Understanding White Balance

Posted: September 19, 2010 in Photography

Photography is all about light. One of the major characteristics of light we depend on in photography is how color is communicated. The human brain is able to detect and compensate for different lighting temperatures. As a result, a white object will look white to the eye, no matter if it is viewed under sunlight, cloudy diffused light, incandescent or fluorescent light.

Every time a digital camera takes a picture, it needs to establish the white point as the basis from which the percentage of each color is derived. Because this is affected by the quality of light in a scene, most cameras offer adjustable white balance settings.

In auto mode, complex algorithms in the camera decide where the white point is. This is usually fairly accurate, though under cloudy conditions it may cause the image to be slightly blue. Incandescent or tungsten setting should be used for pictures indoors without flash. This will adjust the white balance when the subject is lit by light bulbs, such as those in a home.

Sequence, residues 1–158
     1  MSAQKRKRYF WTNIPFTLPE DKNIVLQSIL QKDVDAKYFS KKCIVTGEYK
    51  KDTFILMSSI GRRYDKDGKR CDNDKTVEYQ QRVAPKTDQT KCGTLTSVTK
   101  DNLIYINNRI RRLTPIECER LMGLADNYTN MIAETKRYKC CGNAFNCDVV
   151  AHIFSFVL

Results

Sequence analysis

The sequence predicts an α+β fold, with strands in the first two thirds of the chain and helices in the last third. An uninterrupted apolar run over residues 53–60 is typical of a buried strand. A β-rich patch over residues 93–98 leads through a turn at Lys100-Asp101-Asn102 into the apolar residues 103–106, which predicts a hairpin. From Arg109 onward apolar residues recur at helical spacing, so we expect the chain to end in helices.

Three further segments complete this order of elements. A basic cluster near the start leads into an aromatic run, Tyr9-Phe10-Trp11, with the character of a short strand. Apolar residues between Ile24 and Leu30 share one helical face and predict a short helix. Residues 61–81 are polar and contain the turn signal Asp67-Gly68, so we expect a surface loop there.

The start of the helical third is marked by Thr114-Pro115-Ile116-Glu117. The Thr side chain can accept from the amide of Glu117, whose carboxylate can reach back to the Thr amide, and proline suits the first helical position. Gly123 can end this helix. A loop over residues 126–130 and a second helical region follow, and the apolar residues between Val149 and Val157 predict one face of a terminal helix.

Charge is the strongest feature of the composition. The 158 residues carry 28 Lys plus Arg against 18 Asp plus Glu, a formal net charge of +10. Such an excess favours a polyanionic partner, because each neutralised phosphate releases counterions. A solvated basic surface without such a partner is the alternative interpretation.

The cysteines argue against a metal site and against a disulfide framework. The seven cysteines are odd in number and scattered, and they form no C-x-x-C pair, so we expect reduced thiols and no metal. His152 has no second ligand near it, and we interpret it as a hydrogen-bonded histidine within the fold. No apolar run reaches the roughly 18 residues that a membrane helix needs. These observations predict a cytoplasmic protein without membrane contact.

Use the fluorescent mode when the scene is lit by tube lighting.  As there are several types of fluorescent lighting (cool white or warm white), you may find more than one fluorescent adjustment.

Many digital cameras also offer a manual setting in which the user has to decide what the exact white point is. A rectangular piece of white card can serve as a good reference and you can adjust white balancing by using this. Just point the camera at the white card, filling the frame in the viewfinder, and take a picture.

Below are pictures I took outside on a sunny afternoon. The camera was in ‘Program’ mode, ISO was at 200, manual focus. I used the 7 different white balance modes to show the difference between all modes.

1st Row –  Auto White Balance, Cloudy

2nd Row – Direct Sunlight, Flash

3rd Row – Flourescent, Incandescent

4th Row – Shade

Here are some pictures from indoors. Once again, shot in ‘Program’ mode, ISO was 400, and manual focus.

1st Row – Auto White Balance, Cloudy, Direct Sunlight, Flash

2nd Row – Flourescent, Incandescent, Shade


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